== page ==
A Few Words on Hopelessness

The last year has been really hard.

I’ve struggled with depression for a long time now and while I knew what it meant to be hopeless, I’d never really felt it until now. And that made me realise that I hadn’t had a clue. I’m starting to think that it’s something you can’t truly understand until you’ve experienced it yourself. I don’t think I can even really describe it. It’s unlike anything I’ve ever felt and sometimes words just aren’t enough. Sometimes they aren’t big enough to fit around the feelings.

Talking about this makes me very anxious. I don’t want people thinking that I’m not grateful for the things I have because I am. I really, really am. But that’s not how it works. Depression and hopelessness have little to do with the reality of your life. Good things can be happening but, in my experience, the feeling is so strong that it can overpower everything.

So, having said that, I thought I’d share something I wrote when I felt overwhelmed by that feeling:

“And I realised that this is how life is. It’s one bad thing after another and there’s nothing I can do about it. I’m going to feel like this forever so what’s the point? What’s the fucking point in trying to be happy? That was my turning point. I felt the world shift. Everything felt really clear. I don’t know how I didn’t see it before. I don’t know why it took me so long.

I’m not sure there’s anything that can change this. So now what? I’ve been staring at that question for ten minutes and I have no idea what comes next. Moving forward is agonizing and I can’t go back. So I don’t know what to do. I’m stuck. And all the while, time is passing, so easily. It’s like water and water always finds a way to get to where it’s going. Is this drowning? Is this what drowning feels like?”

It’s so scary to feel that way. When misery is inevitable, nothing matters. Whether it’s eating, getting out of bed… Everything feels pointless. There’s a stillness, a finality to the world. I felt like I had disappeared. And while I’m not in the eye of that storm anymore, it feels like a bit of a before and after moment. My perspective has shifted, everything feels a bit different now. I’m not the same person as I was before that feeling. I still haven’t figured out how I feel about that.

One day I’ll write more about this but for now, this is all I can do.


Two Levels of Mood

Living with depression is hard. Yes, I know, I’m stating the freaking obvious. But I want to write about something that doesn’t come up that often, in my experience at least. And when I say ‘living with depression’, I mean going through repeated bouts of depression over a period of time. I’m not diminishing the difficulty of going through an isolated experience; I just want to point out something specific to the continued one.

Being at your lowest is excruciating but it’s simple, when it comes to the complexity of emotions. Depression is overwhelming; it blots out everything. The world is one colour. But as you start to move out of that place, it becomes emotionally confusing. A lot of you is still depressed but there’s also a part of you that’s trying to move forward. And that conflict is exhausting. Your emotions are constantly clashing and that takes up so much energy.

I recently landed in the lowest place I’d ever been. I feel like I say that every time but I know that this was the worst I’d ever felt. I had a very emotionally traumatic meltdown – again, the worst one I’ve had – and ended up sitting in the middle of my local park, crying my eyes out at eleven o’clock at night. And it was that heaving kind of crying where it feels like it’s coming from a place inside you that’s deeper than physically possible. It was horrible and when I woke up the next morning, I was in such a deep depression that I couldn’t do anything. I literally couldn’t. I lay in bed all day, staring at the wall. I felt completely hopeless. I couldn’t see the point in anything. There was no point in trying to be happy, in trying to do anything, because the only real thing is misery.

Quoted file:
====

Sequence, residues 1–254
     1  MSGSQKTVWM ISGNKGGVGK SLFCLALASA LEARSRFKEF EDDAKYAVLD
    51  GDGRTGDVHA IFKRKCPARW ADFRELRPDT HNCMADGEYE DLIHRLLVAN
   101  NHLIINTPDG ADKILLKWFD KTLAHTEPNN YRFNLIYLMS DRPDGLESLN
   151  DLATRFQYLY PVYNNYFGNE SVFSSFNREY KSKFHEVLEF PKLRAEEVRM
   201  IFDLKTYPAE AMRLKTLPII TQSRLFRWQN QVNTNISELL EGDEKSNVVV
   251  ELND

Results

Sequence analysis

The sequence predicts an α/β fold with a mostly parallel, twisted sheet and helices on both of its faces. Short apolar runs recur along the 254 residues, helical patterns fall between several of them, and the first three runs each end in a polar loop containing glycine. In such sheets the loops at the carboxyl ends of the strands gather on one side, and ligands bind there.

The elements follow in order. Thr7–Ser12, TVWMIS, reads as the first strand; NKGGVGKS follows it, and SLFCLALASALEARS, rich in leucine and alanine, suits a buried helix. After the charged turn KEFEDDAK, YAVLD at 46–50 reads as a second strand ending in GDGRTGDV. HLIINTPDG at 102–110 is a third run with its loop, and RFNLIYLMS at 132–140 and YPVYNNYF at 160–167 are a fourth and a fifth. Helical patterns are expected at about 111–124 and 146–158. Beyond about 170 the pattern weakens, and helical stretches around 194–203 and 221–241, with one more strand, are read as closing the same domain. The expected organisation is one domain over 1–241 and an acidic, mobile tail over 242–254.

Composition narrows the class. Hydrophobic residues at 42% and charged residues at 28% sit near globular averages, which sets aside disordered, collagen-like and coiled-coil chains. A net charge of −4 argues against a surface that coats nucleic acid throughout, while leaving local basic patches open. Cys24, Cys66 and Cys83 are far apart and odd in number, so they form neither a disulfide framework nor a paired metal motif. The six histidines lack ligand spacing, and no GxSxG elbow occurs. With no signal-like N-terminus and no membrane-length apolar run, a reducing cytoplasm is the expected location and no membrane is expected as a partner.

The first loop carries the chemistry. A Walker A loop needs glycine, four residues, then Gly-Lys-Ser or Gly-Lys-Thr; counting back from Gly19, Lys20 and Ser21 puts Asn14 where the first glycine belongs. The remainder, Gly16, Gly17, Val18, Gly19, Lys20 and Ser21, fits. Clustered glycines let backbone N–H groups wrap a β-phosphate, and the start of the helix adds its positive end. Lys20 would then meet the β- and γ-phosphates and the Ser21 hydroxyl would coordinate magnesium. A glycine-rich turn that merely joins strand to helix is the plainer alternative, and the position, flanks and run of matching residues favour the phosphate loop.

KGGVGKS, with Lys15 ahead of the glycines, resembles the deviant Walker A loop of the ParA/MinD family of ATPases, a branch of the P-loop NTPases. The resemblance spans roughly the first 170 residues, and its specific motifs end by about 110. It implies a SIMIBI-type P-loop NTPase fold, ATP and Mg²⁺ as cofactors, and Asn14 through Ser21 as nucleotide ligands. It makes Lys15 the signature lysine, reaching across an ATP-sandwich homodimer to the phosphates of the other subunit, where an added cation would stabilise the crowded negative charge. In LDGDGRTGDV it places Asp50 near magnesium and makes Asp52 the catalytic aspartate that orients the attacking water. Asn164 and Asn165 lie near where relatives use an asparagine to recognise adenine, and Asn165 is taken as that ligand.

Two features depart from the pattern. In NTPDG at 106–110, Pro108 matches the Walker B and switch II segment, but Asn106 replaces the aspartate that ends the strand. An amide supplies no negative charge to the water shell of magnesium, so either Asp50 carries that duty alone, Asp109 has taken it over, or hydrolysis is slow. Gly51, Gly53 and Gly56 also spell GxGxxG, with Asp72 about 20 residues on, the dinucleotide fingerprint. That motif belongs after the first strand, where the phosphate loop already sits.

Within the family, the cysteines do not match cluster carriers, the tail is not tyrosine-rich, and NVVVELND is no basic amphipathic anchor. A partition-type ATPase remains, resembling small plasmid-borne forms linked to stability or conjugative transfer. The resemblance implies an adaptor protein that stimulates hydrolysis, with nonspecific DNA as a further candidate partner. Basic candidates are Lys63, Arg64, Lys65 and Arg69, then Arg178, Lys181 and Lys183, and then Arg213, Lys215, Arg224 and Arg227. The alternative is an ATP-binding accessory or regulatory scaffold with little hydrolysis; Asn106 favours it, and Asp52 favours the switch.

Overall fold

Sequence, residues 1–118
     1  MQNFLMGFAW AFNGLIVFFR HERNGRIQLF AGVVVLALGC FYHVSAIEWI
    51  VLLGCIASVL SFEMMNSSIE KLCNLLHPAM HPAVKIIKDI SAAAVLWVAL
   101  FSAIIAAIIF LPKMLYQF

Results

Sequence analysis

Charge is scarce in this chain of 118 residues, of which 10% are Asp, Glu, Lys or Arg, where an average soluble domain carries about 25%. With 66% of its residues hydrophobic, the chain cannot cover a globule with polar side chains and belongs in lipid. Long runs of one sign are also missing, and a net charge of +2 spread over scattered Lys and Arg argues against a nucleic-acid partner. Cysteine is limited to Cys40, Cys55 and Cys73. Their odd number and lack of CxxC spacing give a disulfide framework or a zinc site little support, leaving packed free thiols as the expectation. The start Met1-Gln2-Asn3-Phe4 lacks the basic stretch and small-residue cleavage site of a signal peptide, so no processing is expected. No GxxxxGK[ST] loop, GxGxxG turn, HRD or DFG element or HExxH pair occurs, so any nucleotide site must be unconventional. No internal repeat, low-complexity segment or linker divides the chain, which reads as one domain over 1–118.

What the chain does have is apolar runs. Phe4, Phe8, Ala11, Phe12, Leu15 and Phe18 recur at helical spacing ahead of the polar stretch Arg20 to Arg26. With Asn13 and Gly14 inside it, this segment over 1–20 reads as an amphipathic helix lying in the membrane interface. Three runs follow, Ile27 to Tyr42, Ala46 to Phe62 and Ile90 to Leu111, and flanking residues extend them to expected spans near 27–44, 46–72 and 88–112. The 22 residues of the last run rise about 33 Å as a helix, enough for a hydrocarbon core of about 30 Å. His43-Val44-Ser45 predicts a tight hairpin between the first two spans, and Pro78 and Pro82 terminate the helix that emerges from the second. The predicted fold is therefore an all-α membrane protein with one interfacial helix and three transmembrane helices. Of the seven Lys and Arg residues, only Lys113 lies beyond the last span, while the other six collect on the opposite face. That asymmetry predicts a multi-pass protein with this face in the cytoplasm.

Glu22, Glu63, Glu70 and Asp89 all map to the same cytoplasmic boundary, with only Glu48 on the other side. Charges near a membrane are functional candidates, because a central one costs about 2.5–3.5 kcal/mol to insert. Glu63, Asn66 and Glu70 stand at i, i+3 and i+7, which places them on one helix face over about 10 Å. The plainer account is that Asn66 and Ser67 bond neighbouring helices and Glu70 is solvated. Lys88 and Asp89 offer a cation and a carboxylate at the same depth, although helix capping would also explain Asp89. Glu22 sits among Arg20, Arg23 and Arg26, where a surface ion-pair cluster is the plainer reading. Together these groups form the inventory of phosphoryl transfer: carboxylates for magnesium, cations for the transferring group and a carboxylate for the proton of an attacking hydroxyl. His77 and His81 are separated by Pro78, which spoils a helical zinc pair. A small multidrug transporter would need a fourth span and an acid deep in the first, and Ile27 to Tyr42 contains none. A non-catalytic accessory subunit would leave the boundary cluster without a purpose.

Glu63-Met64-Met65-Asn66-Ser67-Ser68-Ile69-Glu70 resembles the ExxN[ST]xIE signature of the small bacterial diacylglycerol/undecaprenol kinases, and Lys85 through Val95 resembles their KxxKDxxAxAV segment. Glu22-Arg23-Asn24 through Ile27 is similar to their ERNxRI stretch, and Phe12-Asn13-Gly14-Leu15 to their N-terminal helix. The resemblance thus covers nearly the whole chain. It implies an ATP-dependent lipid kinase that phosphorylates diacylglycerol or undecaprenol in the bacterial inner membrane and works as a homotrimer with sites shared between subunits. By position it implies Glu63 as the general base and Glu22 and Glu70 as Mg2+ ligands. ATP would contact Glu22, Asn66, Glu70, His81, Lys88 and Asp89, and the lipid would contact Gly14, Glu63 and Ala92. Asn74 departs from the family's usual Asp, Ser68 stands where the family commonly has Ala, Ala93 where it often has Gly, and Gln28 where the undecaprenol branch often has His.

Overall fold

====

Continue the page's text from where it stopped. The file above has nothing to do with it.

It took days to start functioning again (move around, interact with people, eat, etc), but I was still firmly locked in that point of view. I couldn’t see the point of anything but the oppressiveness started to lift and other emotions started to creep in. I was able to smile again and sometimes I’d even laugh and that was really hard because I still felt so hopeless. It felt wrong. I didn’t feel ready to be okay.

I feel like I have two levels of mood, my surface mood and my inner mood. The labels speak for themselves but I want to elaborate a bit further. My inner mood is what I feel at the centre of myself (my automatic thought was to name it my ‘real’ mood but I know the surface mood is real too – please bear with me: words are hard!) and at the moment, that is depressed. If I had to choose one emotion to associate with myself, it would be a sad one, like depressed or disheartened. My surface mood reacts to outside stimuli: good weather, spending time with people I like, a new episode of my favourite TV show. Those sorts of things do create spikes in my mood. It can be really easy to brush those moments off because they feel so wrong when I’m depressed. But they’re both real and both deserve to be recognised. That’s why I like the two levels of mood idea. By having two levels, one emotional reaction doesn’t invalidate another. I can feel really depressed and kind of okay – even optimistic – at the same time. It’s too simplistic to think that we only feel one emotion at a time but when they’re so opposite, it just makes the whole thing more difficult, more confusing, more exhausting.

The only time the two seem to synchronize is when I’m really, really depressed. It sounds sad when I put it like that but right now, it’s the truth. I know that my surface mood can change so hopefully the inner mood can too. Hopefully I’ll reach a point where it’s not so low.